[Speaking of stand up comedians, has any one of you came across Gary Gulman? His “It’s about time”, free on Netflix, has become my go to place when I need to laugh. Ricky Gervais should take a page from his book on how to entertain an audience without having to resort to utter vulgarism, See Ricky Gervais pedophile jokes]

Alas, Justine Socco and what became of her because of that stupid and/or misunderstood joke [but mainly stupid – because it didn’t come with a second tweet explaining how and who it was meant to mock] isn’t the reason for this post. The reason for this post is the pleasure – the absolute delight – of coming across the following article by an accomplished! gay! black! African! man [one doubts it can get more bitter/sarcastic than that] – attached to the aforementioned The Guardian article.

[Have I mentioned how I love, nay, worship Kenyan men? How I believe them to be the most elegant, intelligent, and well-spoken guys in Africa?! How I have had a crush on four of the four Kenyan men I have had the pleasure of working with – while still in love and in a relationship with men of my choice?! And how I would not hesitate to spend the rest of my life with a man from Kenya, granted he is also cute, if I were to break up with Troy?!]

The article is entitled “How to write about Africa”. See if you can spot the sarcasm.

Binyavanga Wainaina

Always use the word ‘Africa’ or ‘Darkness’ or ‘Safari’ in your title. Subtitles may include the words ‘Zanzibar’, ‘Masai’, ‘Zulu’, ‘Zambezi’, ‘Congo’, ‘Nile’, ‘Big’, ‘Sky’, ‘Shadow’, ‘Drum’, ‘Sun’ or ‘Bygone’. Also useful are words such as ‘Guerrillas’, ‘Timeless’, ‘Primordial’ and ‘Tribal’. Note that ‘People’ means Africans who are not black, while ‘The People’ means black Africans.

Never have a picture of a well-adjusted African on the cover of your book, or in it, unless that African has won the Nobel Prize. An AK-47, prominent ribs, naked breasts: use these. If you must include an African, make sure you get one in Masai or Zulu or Dogon dress.

In your text, treat Africa as if it were one country. It is hot and dusty with rolling grasslands and huge herds of animals and tall, thin people who are starving. Or it is hot and steamy with very short people who eat primates. Don’t get bogged down with precise descriptions. Africa is big: fifty-four countries, 900 million people who are too busy starving and dying and warring and emigrating to read your book. The continent is full of deserts, jungles, highlands, savannahs and many other things, but your reader doesn’t care about all that, so keep your descriptions romantic and evocative and unparticular.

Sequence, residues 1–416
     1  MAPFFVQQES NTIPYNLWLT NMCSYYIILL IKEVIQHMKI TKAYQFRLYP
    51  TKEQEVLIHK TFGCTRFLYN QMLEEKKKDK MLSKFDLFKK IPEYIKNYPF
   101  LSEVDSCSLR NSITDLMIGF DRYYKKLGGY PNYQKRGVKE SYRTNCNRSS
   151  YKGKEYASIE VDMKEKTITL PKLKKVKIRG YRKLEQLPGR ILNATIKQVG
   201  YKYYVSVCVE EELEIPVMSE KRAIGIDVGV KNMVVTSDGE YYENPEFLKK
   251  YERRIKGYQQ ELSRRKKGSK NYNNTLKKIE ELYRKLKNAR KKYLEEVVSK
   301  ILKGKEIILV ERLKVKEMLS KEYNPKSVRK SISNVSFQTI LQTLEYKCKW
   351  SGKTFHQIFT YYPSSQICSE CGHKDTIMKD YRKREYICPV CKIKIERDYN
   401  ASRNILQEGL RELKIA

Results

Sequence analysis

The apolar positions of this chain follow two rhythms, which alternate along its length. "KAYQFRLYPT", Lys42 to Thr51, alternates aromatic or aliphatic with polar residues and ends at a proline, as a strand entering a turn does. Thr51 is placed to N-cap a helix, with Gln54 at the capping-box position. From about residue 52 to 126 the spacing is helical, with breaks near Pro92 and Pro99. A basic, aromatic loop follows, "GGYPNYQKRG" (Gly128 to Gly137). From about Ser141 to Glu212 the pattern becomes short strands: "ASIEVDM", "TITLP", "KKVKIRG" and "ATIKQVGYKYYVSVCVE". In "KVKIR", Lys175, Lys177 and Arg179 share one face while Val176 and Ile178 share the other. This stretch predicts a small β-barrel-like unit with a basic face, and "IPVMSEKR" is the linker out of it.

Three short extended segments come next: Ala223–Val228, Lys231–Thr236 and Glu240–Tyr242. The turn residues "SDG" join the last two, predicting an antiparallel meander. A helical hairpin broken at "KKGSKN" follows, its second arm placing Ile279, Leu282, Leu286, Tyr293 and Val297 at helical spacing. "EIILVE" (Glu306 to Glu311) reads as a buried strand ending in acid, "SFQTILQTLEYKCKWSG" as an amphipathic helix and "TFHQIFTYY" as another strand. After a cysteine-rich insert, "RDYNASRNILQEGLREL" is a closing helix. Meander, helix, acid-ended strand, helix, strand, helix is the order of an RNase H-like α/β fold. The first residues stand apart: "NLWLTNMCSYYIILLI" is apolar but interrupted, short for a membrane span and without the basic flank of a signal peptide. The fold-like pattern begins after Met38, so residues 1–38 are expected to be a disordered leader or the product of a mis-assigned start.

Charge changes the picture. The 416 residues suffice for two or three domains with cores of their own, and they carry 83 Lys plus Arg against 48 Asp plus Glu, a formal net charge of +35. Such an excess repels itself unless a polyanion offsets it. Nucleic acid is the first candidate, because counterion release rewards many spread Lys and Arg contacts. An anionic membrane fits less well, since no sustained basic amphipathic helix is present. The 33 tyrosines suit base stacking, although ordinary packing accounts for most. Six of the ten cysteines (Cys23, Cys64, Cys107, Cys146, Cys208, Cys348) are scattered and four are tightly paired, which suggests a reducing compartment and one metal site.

Make sure you show how Africans have music and rhythm deep in their souls, and eat things no other humans eat. Do not mention rice and beef and wheat; monkey-brain is an African’s cuisine of choice, along with goat, snake, worms and grubs and all manner of game meat. Make sure you show that you are able to eat such food without flinching, and describe how you learn to enjoy it—because you care.

Taboo subjects: ordinary domestic scenes, love between Africans (unless a death is involved), references to African writers or intellectuals, mention of school-going children who are not suffering from yaws or Ebola fever or female genital mutilation.

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July 15, 2018 at 5:13 pm Leave a comment


The blogger tries to think outside the box, or wonder why she sometimes can't.

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"I will speak for you, Father. I speak for all mediocrities in the world. I am their champion. I am their patron saint." - Antonio Salieri, from the movie "Amadeus"